On March 6, 2014, Health Canada released a revised Guidance on
the review of drug brand names, proposing significant changes to
the draft Guidance released in February 2013. The revised Guidance
is still in draft form although it is expected to be finalized and
posted on Health Canada's website in or around June,2014. There
will be a one-year transition period to permit compliance and full
implementation. The transition period will begin when the final
Guidance is posted by Health Canada.
Key changes made following consultation with industry include
Non-prescription drugs are no longer subject to the new regime.
However, the Guidance states that a separate brand name assessment
framework will be developed for consumer health products.
The requirement for psycholinguistic testing has been
A sponsor will not be required to use the POCA algorithm in its
brand name searches. It can use another search engine but must
still search the proposed brand name against the Drug Product
Database and the Licensed Natural Health Products Database. Health
Canada itself will continue to use the POCA algorithm.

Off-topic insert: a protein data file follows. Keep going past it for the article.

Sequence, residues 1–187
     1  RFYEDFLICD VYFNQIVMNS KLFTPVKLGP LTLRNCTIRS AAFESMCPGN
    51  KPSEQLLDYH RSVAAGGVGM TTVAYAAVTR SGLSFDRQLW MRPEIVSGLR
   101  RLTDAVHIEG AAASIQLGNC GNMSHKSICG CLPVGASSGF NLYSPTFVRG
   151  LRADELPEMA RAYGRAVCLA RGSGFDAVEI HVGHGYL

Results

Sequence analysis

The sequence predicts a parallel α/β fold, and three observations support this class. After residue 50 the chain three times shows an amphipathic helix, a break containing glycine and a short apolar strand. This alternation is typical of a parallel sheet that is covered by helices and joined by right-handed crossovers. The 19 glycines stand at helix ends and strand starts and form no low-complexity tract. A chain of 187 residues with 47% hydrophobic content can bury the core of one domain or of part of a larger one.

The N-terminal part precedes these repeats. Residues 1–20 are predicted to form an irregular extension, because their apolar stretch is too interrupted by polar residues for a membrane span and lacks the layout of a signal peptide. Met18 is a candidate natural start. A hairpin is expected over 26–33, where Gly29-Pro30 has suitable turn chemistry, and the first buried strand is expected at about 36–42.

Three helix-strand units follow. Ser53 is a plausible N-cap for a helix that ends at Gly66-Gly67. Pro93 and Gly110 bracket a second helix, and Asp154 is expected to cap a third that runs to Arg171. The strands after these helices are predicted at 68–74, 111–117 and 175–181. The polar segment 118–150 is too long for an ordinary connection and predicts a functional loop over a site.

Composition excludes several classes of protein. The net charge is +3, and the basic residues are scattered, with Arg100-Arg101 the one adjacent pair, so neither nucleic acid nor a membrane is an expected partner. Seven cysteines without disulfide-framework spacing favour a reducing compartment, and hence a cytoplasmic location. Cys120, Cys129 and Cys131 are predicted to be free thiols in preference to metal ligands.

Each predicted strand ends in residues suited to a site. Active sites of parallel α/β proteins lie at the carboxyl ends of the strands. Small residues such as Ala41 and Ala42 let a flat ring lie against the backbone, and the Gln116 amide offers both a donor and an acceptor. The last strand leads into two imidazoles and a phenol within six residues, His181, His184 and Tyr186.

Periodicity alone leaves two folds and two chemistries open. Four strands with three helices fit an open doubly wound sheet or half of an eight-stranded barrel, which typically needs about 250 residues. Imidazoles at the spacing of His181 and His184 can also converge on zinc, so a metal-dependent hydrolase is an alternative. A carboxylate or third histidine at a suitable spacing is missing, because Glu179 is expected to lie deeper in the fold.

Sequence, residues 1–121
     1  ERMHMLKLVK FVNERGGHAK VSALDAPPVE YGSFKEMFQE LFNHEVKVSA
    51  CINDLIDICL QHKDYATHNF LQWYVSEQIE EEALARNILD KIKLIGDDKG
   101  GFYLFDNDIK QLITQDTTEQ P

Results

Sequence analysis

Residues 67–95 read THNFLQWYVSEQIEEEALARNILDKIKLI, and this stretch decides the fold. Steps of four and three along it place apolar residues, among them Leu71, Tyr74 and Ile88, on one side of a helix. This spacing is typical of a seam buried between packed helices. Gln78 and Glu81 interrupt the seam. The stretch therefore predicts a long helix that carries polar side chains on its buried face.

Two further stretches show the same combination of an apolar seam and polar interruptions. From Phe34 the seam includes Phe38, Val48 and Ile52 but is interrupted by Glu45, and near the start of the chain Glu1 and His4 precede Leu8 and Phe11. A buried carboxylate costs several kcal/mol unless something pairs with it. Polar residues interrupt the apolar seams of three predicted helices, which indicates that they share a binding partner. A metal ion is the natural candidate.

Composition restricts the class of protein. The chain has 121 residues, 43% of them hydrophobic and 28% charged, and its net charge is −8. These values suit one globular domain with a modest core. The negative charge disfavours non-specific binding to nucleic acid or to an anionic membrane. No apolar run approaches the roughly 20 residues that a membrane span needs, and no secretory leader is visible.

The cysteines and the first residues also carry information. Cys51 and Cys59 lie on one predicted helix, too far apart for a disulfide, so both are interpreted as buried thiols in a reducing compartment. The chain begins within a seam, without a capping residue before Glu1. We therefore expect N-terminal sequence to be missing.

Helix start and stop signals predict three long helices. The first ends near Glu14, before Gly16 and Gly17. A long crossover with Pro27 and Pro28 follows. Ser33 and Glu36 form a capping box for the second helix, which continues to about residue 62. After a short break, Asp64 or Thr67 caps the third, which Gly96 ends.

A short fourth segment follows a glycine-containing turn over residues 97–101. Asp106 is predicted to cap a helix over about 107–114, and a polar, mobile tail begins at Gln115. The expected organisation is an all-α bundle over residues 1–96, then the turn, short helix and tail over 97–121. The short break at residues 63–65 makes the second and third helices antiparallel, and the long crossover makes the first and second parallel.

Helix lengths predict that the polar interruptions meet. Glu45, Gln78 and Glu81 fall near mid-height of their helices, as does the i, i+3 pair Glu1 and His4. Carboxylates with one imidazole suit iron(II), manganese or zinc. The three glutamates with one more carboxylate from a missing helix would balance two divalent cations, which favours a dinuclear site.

The threshold for similarity score has been changed to a 50%
combined orthographic and phonetic score. Any name with a combined
score of 50% or higher similarity must be included in the search
results submitted to Health Canada. Formerly, sponsors were
required to identify to Health Canada any name with a similarity
score of 65% or above in either phonetic, orthographic or combined
phonetic/orthographic similarity. Additionally, there is no
longer a requirement to provide Health Canada with the five
phonetic and five orthographic "nearest neighbours" in
addition to the list of names with a 50% combined score.
The requirement for patients to be involved in all required
testing has been removed. The Medication-Use Process Map has been
amended to delete the comprehensive "patient" section.
Further, the Failure Modes and Effects Analysis (FMEA) no longer
requires patient involvement.
There is no longer a requirement that all raw data generated in
the Search, Simulate and Synthesize steps be submitted to Health
Canada. However, the results of the searches of the Drug Products
Database and the Licensed Natural Health Products Database must
still be provided to Health Canada.
Two brand names may be submitted by a sponsor (up from one name
in the original draft). However, sponsors must identify which brand
name has priority for review as Health Canada will only review one
brand name at a time.
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